Edit: Raspbmc RC4 now has CEC enabled out of the box – No need to enable the XBMC web server. It uses the newer libCEC which has significantly better support for different manufacturer CEC-based implementations, so chances are it will work just fine with your CEC-enabled TV.
CEC is a specification that allows control of CEC-enabled devices that are attached through HDMI.
Raspbmc has included a basic implementation of CEC in version RC3, meaning you can now control your Raspberry Pi installation from your CEC-enabled TV remote (well in theory, anyway).
You’ll need a CEC-enabled TV or amplifier that is connectioned to your Raspberry Pi via the HDMI connector. Not all CEC-enabled devices are created equally, though, and might support a different subset of the specification. This means that CEC on your device might not interface with XBMC at all, or some of the remote buttons won’t be mapped correctly. On the Samsung Anynet+ (Samsung’s version of CEC) TV I tested on, the arrow keys and enter was working, but pause, play, stop etc. wasn’t. Your mileage may vary.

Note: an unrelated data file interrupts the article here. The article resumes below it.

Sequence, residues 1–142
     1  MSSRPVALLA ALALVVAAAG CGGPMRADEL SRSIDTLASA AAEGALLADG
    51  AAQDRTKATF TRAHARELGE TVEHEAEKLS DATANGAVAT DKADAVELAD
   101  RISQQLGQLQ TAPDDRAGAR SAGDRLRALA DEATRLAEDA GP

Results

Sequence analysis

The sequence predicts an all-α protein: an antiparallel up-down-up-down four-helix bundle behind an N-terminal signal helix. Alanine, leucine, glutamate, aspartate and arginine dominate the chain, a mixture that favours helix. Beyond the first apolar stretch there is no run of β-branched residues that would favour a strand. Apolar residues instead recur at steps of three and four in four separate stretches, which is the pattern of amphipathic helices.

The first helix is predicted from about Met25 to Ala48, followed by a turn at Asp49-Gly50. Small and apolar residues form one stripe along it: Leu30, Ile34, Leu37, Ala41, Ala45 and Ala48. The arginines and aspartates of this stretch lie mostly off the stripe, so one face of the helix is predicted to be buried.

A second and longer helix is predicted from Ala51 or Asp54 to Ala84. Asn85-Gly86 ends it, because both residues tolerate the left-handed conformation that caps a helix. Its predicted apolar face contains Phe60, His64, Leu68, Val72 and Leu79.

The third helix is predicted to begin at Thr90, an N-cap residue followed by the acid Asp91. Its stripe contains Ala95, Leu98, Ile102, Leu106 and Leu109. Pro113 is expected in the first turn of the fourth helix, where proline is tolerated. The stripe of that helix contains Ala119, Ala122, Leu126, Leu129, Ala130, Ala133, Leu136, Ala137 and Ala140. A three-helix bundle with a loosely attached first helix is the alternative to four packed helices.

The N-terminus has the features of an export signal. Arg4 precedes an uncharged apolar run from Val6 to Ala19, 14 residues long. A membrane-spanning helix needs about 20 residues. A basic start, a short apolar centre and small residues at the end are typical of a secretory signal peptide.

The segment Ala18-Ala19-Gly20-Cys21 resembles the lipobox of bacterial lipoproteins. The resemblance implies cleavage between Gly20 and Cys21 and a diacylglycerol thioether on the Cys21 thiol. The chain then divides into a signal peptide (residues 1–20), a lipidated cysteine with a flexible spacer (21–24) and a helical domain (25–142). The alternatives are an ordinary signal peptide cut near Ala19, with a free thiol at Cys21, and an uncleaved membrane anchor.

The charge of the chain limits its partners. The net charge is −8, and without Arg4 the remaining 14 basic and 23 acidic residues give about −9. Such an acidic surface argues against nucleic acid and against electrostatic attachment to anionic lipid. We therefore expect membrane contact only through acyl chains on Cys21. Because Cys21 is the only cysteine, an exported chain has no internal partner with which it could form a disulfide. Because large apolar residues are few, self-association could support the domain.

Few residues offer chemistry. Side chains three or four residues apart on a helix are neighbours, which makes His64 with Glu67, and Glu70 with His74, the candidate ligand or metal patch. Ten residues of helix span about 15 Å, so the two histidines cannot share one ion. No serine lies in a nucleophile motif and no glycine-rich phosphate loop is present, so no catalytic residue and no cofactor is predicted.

Support for CEC was only included in Raspbmc from version RC3, but it is not present in the normal XBMC build. It is enabled by default, but in order for it to work, you need to activate XBMC’s web server:
- Go to Settings -> Network -> Services
- Set “Allow control of XBMC via HTTP” to on.
- Set the username to “xbmc” and leave the password blank
- Make sure the port is set to 8080
Enabling CEC control of XBMC on your TV should be simple – select the source input and select the XBMC CEC device input (The TV should automatically pick up XBMC as a CEC device).